Home > Journals > Chirurgia > Past Issues > Chirurgia 2013 August;26(4) > Chirurgia 2013 August;26(4):283-6

CURRENT ISSUE
 

ARTICLE TOOLS

Reprints

CHIRURGIA

A Journal on Surgery


Indexed/Abstracted in: EMBASE, Scopus, Emerging Sources Citation Index

 

ORIGINAL ARTICLES  


Chirurgia 2013 August;26(4):283-6

language: English

Functional results after TME for rectal cancer: J-pouch vs. coloplasty. A single institution prospective study

Luglio G., Sivero L., Tarquini R., D’antonio D., Quarto G., De Werra C., Giglio M., Formisano C., Bucci L.

Department of General, Geriatric, Oncologic and Advanced Technologies, Federico II University of Naples, Naples, Italy


PDF  


Aim: Low anterior resection with TME (Total Mesorectal Excision) is actually considered as the gold standard technique for treatment of low rectal cancer; most patients, however, after surgery develop the “anterior resection syndrome”, characterized by high stool frequency, urgency, incontinence and soiling. It is possible to construct colonic reservoirs to reduce these symptoms and colonic J-pouch is considered the gold standard technique. Aim of this study is to compare functional results and complication rate between the colonic j-pouch and a new colonic reservoir, the “transverse coloplasty pouch”.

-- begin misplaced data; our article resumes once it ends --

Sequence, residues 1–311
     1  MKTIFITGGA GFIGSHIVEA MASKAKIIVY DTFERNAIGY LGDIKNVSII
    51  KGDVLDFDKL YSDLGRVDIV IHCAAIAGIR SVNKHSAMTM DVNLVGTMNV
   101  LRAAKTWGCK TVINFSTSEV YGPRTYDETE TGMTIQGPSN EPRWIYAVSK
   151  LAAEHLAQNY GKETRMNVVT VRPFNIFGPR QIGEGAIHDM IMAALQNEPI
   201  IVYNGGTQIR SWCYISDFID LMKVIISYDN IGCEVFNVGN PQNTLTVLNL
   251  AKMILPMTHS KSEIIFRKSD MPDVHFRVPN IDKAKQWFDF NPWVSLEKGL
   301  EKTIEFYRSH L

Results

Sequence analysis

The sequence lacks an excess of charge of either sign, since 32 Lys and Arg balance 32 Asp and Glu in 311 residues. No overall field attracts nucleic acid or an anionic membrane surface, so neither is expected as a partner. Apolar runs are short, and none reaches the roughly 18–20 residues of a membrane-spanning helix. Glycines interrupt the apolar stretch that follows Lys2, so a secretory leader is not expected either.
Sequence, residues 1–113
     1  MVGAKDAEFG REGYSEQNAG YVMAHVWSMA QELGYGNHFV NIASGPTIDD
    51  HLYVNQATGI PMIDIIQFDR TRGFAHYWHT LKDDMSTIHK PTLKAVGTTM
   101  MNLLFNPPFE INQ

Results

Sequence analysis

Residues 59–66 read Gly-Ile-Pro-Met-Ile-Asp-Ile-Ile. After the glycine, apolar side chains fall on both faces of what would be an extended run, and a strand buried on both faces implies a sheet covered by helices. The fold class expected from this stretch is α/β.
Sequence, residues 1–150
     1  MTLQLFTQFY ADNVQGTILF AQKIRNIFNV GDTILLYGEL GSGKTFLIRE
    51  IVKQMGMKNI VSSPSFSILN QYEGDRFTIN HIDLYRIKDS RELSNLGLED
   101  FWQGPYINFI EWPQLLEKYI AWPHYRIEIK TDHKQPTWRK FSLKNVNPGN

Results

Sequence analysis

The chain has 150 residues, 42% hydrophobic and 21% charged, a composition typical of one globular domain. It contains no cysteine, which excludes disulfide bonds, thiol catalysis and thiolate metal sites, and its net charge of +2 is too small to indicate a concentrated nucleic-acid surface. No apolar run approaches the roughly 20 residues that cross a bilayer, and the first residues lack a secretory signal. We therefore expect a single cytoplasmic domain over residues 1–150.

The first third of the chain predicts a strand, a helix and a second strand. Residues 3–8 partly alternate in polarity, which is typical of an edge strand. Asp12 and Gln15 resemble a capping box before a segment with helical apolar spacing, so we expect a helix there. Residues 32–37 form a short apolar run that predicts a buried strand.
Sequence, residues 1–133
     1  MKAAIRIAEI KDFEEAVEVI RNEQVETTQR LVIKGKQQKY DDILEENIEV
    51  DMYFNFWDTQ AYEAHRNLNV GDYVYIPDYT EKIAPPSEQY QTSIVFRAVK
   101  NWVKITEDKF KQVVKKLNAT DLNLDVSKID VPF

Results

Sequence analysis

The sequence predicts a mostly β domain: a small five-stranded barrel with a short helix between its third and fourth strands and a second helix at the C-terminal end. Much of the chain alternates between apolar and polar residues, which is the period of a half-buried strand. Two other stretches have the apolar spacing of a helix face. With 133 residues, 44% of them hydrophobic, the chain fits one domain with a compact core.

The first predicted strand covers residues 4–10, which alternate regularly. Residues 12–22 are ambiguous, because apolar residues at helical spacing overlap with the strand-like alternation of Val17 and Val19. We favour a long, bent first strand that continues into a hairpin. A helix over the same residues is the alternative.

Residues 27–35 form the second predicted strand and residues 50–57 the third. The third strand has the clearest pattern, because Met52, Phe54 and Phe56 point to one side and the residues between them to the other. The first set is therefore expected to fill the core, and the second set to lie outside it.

Methods: This is a prospective study; 30 patients have been enrolled between June 2009 to June 2010 and have been followed up for one year after surgery. Patients were diveded into two groups: 20 patients received a colonic J-pouch and 10 patients a transverse coloplasty pouch. All patients received neoadjuvant chemoradiation therapy. Twelve months after surgery clinical parameters (stool frequency, fecal leakage, urgency, incontinence, incomplete emptying) and manometric parameters ( rest pressure, squeeze pressure, max tolerated volume, compliance) were compared. Results were analyzed with T-student and F Test (Snedecor’s distribution).
Results: Twelve months after surgery we did not found statistically significant differences between the two techniques, regarding clinical and functional results. In the coloplasty group, however, we had two major complications: a case of recto-vaginal fistula and a case of anastomotic leakage with vescical fistula.
Conclusion: Both colonic J-pouch and coloplasty pouch can be performed in rectal cancer surgery and lead to better but similar functional results. Anyway, transverse coloplasty seems to be affected by a higher complication rate, so it should probably be considered as a second choice technique, to use in selected cases when colonic J-pouch is really technically difficult to perform.

top of page

Publication History

Cite this article as

Corresponding author e-mail